Dolphin hunting is a centuries-old practice in the Faeroe Islands.
But the tradition is facing fresh scrutiny after more than 1,400 of the aquatic mammals were killed Sunday in a record-breaking slaughter that has sparked outcry among local residents and global environmental groups.
The hunt in the North Atlantic islands is not done for commercial purposes and is authorized by the government, but even those who support the practice expressed concern this year’s event could prompt greater scrutiny.
For hundreds of years, residents of the Faeroe Islands have participated in the annual hunting tradition, which is known as the “grind,” or grindadráp in Faeroese. It sees pilot whales, the second largest species of dolphins following the orcas, and other dolphins corralled into fjords before being stabbed to death.
The remote island’s tradition was brought to global audiences in the Netflix documentary “Seaspiracy” earlier this year.
According to the Faeroese government, the practice is “fully regulated” and considered “sustainable,” with around 600 pilot whales and 250 white-sided dolphins caught on average each year over the past two decades.
Sunday’s catch blew past that average, however, with the Seattle-based Sea Shepherd Conservation Society estimating that at least 1,428 white-sided dolphins were killed in what the organization branded a “cruel and unnecessary hunt.”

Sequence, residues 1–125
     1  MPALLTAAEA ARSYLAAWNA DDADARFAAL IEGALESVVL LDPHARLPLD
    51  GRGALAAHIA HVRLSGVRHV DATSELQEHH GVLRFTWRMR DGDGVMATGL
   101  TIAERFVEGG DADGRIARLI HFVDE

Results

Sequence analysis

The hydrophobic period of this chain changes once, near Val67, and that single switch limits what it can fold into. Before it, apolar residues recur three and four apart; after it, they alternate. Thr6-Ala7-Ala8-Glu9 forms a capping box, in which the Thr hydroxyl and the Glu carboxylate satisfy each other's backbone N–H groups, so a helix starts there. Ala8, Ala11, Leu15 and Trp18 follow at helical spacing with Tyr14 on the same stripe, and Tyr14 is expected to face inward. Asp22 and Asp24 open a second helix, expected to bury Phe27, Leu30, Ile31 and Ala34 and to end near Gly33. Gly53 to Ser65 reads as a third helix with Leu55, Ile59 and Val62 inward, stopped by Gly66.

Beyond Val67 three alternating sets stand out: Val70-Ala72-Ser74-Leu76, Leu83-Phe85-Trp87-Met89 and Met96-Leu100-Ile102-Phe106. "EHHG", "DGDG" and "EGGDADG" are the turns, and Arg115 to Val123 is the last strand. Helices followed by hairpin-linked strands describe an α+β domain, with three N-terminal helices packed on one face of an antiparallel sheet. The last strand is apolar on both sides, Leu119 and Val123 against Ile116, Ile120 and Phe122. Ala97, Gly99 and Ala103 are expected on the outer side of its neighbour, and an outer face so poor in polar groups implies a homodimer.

“Considering the times we are in, with a global pandemic and the world coming to a halt, it’s absolutely appalling to see an attack on nature of this scale in the Faroe Islands,” Alex Cornelissen, Sea Shepherd Global CEO, said in a statement.
“If we have learned anything from this pandemic is that we have to live in harmony with nature instead of wiping it out.”
The animal rights organization People for the Ethical Treatment of Animals, or PETA, has long called for an end to the “bloody whale slaughter” on the Faeroe Islands.
Bjarni Mikkelsen, a marine biologist from the Faeroe Islands, said the catch represented the largest number of dolphins to be killed in a single day in the islands. Prior to that, he said the highest number had been 1,200 in 1940.
Traditionally, he said, the grindadráp is “very well-organized and when the drive happens, there are enough people on the beach that it’s very seldom that a harvest lasts longer than 10 minutes.”